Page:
Jimmie Durham, 1994
In Weimar, Reinhard Mucha created a detached commentary on 20th-century German history by encapsulating and neutralizing emotionally charged materials within a vitrine. The sculpture includes a door—found in a junk shop on the site of a World War II bunker—encased behind glass panes, upon which lines are painted with an orange pigment often used on rail cars. The paint calls attention to the glass, which invites observation but creates a separation between object and viewer. The artist first exhibited Weimar with other vitrines named after German towns with intersecting railways. A recurring theme in his work, trains signify not only the industrialization of Germany but also the Holocaust. Here, Mucha attempted to contain and intellectualize his homeland’s conflicting, emotional legacy of genocide, geographical division, and cultural achievement.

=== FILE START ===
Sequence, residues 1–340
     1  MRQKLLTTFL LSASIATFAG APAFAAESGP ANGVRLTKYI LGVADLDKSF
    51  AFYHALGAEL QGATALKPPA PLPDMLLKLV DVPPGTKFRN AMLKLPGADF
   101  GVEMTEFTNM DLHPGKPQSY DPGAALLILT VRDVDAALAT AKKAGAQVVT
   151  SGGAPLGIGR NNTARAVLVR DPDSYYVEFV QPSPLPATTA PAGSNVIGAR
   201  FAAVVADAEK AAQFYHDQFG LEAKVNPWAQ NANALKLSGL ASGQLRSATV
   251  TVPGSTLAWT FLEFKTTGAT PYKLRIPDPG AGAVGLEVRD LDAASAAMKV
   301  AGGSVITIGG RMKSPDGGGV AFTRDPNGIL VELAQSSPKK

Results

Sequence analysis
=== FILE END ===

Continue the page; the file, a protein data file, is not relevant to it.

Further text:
Josef Albers, 1957